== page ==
606 F2d 836 United States v. Gallop

606 F.2d 836

UNITED STATES of America, Plaintiff-Appellant,
Gary Lewis GALLOP, Defendant-Appellee.

No. 78-1663.

United States Court of Appeals,
Ninth Circuit.

July 20, 1979.
Rehearing Denied Oct. 22, 1979.

James C. Waldo, Asst. U. S. Atty., Seattle, Wash., for plaintiff-appellant.

Irwin H. Schwartz, Federal Public Defender, Seattle, Wash., for defendant-appellee.

Appeal from the United States District Court for the Western District of Washington.

Before WRIGHT and GOODWIN, Circuit Judges, and WILLIAMS*, District Judge.

GOODWIN, Circuit Judge:

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The government appeals an order suppressing certain stolen money orders upon the motion of Gary Lewis Gallop. After an earlier remand from this court, the district court held a hearing and found that Gallop had reasonably appeared to police officers to be "incapacitated by alcohol" within the meaning of Wash.Rev.Code Ann. § 70.96A.120(2), and thus was properly detained under that noncriminal, protective custody statute.1 The only remaining issues arise from the search that resulted in the seizure of the money orders.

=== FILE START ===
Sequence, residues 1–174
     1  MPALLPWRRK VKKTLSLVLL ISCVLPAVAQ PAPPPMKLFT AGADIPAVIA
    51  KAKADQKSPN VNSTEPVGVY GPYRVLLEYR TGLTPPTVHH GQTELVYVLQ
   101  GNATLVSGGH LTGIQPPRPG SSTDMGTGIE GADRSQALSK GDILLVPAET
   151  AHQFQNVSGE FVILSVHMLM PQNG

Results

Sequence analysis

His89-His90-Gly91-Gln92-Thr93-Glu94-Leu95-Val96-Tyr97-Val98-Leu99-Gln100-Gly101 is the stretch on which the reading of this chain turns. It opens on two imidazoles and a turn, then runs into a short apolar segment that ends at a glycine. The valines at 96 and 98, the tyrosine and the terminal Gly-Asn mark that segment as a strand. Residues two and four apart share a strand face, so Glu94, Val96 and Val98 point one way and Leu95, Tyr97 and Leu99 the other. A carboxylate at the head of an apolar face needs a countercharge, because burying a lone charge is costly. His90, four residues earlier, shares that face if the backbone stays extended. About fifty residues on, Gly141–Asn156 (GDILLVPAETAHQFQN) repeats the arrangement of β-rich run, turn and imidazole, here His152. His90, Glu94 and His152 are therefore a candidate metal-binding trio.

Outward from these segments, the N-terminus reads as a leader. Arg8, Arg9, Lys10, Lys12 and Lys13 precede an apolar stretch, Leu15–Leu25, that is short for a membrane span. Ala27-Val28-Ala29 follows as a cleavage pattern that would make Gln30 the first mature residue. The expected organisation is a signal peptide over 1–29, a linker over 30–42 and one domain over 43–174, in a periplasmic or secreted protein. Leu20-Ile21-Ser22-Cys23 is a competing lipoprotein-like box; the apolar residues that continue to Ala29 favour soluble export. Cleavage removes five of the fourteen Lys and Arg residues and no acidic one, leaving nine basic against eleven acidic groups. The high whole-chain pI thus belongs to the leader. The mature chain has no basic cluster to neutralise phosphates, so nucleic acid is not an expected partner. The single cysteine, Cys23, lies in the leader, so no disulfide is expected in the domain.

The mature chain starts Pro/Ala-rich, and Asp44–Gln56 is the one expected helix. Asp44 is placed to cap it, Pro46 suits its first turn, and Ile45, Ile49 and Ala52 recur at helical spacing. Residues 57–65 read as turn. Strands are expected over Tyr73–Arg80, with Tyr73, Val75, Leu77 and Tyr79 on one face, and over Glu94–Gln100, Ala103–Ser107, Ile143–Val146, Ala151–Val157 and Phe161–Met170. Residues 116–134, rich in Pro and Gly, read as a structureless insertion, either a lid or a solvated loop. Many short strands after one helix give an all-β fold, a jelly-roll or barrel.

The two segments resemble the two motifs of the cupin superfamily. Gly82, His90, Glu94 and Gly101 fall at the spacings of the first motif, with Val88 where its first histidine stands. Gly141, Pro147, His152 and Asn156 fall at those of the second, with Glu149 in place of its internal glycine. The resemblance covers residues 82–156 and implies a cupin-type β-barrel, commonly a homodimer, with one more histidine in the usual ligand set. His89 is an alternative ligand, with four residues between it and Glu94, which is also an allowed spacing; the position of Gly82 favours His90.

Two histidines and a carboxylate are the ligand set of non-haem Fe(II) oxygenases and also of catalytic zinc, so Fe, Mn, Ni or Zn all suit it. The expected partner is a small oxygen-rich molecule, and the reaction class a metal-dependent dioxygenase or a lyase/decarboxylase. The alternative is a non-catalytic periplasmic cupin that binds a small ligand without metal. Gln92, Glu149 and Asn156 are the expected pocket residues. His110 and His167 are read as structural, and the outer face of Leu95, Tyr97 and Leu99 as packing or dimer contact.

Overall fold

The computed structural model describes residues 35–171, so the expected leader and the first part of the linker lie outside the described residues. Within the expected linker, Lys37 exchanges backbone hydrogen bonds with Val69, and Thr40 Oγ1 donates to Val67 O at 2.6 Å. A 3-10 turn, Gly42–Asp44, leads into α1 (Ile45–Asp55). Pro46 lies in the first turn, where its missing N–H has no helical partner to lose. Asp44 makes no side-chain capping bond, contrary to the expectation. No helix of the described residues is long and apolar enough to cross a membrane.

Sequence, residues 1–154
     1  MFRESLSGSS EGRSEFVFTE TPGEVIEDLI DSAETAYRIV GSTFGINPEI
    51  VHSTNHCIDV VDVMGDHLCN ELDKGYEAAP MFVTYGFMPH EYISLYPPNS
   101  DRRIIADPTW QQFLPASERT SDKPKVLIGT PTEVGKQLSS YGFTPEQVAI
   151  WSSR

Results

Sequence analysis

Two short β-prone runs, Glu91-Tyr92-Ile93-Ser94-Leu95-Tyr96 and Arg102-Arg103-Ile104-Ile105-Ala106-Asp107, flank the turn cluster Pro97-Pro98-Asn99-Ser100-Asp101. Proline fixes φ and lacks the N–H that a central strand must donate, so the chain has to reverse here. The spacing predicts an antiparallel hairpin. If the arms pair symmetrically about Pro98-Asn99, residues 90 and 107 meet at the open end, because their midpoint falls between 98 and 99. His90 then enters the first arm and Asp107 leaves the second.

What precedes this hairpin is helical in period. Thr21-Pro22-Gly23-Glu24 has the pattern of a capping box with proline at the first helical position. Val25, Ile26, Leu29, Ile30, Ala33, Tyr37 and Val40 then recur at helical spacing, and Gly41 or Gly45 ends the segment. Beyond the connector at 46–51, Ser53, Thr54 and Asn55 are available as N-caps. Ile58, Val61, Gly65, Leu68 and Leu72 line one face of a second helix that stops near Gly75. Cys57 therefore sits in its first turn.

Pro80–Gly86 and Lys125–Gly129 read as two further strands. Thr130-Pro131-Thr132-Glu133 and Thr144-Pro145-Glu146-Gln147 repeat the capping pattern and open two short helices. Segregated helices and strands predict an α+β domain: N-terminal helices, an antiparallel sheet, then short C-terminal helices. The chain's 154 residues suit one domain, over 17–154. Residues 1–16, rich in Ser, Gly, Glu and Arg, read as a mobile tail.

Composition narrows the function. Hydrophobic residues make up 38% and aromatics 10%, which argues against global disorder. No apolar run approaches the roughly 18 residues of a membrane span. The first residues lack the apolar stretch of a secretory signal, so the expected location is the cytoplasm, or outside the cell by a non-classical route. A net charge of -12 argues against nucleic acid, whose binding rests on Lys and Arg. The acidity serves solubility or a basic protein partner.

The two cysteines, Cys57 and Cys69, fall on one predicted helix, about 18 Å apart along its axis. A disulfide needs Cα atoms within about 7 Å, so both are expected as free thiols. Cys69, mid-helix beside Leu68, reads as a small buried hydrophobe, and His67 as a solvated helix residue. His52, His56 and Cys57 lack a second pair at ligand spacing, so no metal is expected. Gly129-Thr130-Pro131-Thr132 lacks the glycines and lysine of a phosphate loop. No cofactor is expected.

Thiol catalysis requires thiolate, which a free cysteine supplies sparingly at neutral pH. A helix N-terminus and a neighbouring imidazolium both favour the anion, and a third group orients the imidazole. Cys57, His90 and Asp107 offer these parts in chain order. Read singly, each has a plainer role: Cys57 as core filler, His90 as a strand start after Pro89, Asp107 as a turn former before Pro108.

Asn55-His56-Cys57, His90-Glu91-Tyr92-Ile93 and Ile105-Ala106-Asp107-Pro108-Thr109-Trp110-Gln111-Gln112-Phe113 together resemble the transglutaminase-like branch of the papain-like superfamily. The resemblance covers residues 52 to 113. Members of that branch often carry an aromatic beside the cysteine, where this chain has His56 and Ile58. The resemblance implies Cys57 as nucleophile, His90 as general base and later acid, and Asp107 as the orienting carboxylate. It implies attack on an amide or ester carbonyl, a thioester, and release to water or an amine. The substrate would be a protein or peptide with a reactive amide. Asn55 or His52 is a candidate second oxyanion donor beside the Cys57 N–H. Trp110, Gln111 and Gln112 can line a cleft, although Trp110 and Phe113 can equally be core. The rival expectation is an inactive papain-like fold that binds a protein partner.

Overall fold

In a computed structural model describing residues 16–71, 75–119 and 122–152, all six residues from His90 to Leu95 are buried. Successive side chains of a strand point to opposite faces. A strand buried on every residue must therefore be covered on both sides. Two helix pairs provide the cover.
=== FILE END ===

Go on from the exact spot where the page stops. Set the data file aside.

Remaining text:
Gallop, in the company of Frances Jo Connors, was evicted from a cocktail lounge at the Seattle-Tacoma International Airport after Connors became abusive and assaulted a waitress. Port of Seattle police officers decided that the couple, including the semirecumbent Gallop, were candidates for detoxification custody under the cited state law. The officers placed both under temporary detention. The officers "pat-searched" the two and placed them in a holding cell to await transportation to a detoxification facility. The pat-down for weapons was permissible. Terry v. Ohio, 392 U.S. 1, 30, 88 S.Ct. 1868, 20 L.Ed.2d 889 (1967).


In the course of the pat-down, the police took Gallop's wallet and comb. The officer who took them testified that he feared Gallop might attempt to use the comb as a weapon; the wallet, he said, was large and hanging from Gallop's pocket, provoking concern that Gallop would lose it.


After arrival at the holding facility, the officers began an "inventory" of the personal effects of the two detainees. This inventory, they said, was routine procedure in the department. They assumed that the routine applied to the detentions under the Washington intoxication statute as well as to arrests for crime. At the suppression hearing, the government introduced a general order of the Port of Seattle police outlining routine inventory procedures for the booking and processing of "prisoners".